GRCh38 · COSMIC v99

Summary

This section shows a summary for the selected study (COSU identifier) or publication (COSP identifier). Studies may have been performed by the Sanger Institute Cancer Genome Project, or imported from the ICGC/TCGA. You can see more information on the help pages.

Reference
Identification of Somatic Mutations in Non-Small Cell Lung Carcinomas Using Whole-Exome Sequencing.
Paper ID
COSP28587
Authors
Liu P, Morrison C, Wang L, Xiong D, Vedell P, Cui P, Hua X, Ding F, Lu Y, James M, Ebben JD, Xu H, Adjei AA, Head K, Andrae JW, Tschannen MR, Jacob H, Pan J, Zhang Q, Van den Bergh F, Xiao H, Lo KC, Patel J, Richmond T, Watt MA, Albert T, Selzer R, Anderson M, Wang J, Wang Y, Starnes S, Yang P and You M
Affiliation
Department of Physiology and the Cancer Center, Medical College of Wisconsin, Milwaukee, WI 53226, USA.
Journal
Carcinogenesis, 2012
ISSN: 1460-2180
PMID: 22510280 (view at PubMed or Europe PMC)
Abstract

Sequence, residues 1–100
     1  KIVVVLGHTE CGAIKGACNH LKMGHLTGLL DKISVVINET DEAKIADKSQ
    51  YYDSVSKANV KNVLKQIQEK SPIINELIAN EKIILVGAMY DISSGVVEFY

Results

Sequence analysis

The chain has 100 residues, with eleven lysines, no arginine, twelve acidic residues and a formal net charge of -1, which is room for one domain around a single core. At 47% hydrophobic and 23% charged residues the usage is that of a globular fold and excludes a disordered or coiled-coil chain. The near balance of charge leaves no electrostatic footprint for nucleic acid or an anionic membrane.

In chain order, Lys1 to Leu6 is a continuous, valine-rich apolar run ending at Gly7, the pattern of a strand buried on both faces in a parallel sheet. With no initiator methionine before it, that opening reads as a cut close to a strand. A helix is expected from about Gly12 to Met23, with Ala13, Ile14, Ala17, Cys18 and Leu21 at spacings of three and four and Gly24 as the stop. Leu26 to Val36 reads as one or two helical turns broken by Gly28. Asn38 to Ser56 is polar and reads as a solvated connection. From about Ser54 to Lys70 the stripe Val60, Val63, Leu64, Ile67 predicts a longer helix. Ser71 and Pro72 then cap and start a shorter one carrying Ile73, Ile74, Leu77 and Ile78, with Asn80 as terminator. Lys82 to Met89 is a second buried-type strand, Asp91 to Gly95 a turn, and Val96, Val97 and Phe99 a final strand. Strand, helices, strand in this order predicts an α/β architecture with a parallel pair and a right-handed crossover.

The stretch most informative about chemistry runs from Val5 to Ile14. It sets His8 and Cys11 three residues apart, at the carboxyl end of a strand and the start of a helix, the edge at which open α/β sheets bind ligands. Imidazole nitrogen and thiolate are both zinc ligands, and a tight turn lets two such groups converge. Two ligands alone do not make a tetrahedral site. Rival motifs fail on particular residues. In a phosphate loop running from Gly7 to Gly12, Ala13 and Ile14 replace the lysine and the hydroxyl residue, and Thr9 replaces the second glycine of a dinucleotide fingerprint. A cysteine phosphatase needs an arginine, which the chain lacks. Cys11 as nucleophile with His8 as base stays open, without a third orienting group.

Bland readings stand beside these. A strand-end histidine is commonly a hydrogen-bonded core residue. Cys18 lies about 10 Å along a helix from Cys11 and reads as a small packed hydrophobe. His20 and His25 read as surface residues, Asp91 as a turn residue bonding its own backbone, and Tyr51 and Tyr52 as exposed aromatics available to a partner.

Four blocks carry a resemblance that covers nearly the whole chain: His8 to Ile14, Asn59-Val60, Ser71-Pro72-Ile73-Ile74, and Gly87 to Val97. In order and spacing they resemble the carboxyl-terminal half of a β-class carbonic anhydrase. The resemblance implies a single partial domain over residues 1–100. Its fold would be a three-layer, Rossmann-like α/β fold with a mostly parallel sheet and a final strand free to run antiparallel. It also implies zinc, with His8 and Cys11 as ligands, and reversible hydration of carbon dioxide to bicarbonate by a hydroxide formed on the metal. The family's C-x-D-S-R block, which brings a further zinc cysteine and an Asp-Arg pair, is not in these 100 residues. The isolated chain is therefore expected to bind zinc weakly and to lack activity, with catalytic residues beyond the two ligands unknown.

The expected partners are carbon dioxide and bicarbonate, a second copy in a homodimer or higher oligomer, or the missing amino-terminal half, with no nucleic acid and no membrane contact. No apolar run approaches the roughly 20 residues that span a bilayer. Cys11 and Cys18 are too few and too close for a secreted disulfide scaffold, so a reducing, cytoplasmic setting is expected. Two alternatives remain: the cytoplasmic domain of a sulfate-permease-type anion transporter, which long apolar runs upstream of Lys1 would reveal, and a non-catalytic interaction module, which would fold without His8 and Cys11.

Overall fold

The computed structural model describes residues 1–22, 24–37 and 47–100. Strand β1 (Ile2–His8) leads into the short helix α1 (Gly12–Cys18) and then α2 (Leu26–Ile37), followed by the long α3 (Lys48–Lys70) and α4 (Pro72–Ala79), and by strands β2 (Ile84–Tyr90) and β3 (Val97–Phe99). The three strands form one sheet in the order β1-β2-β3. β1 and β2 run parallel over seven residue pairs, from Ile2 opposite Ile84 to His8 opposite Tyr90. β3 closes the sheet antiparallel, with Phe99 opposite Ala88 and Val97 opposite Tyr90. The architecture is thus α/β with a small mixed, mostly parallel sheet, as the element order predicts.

Lung cancer is the leading cause of cancer-related death, with non-small cell lung cancer (NSCLC) being the predominant form of the disease. Most lung cancer is caused by the accumulation of genomic alterations due to tobacco exposure. To uncover its mutational landscape, we performed whole-exome sequencing in 31 NSCLCs and their matched normal tissue samples. We identified both common and unique mutation spectra and pathway activation in lung adenocarcinomas and squamous cell carcinomas, two major histologies in NSCLC. In addition to identifying previously known lung cancer genes (TP53, KRAS, EGFR, CDKN2A and RB1), the analysis revealed many genes not previously implicated in this malignancy. Notably, a novel gene CSMD3 was identified as the second most frequently mutated gene (next to TP53) in lung cancer. We further demonstrated that loss of CSMD3 results in increased proliferation of airway epithelial cells. The study provides unprecedented insights into mutational processes, cellular pathways and gene networks associated with lung cancer. Of potential immediate clinical relevance, several highly mutated genes identified in our study are promising druggable targets in cancer therapy including ALK, CTNNA3, DCC, MLL3, PCDHIIX, PIK3C2B, PIK3CG and ROCK2.
Paper Status
Curated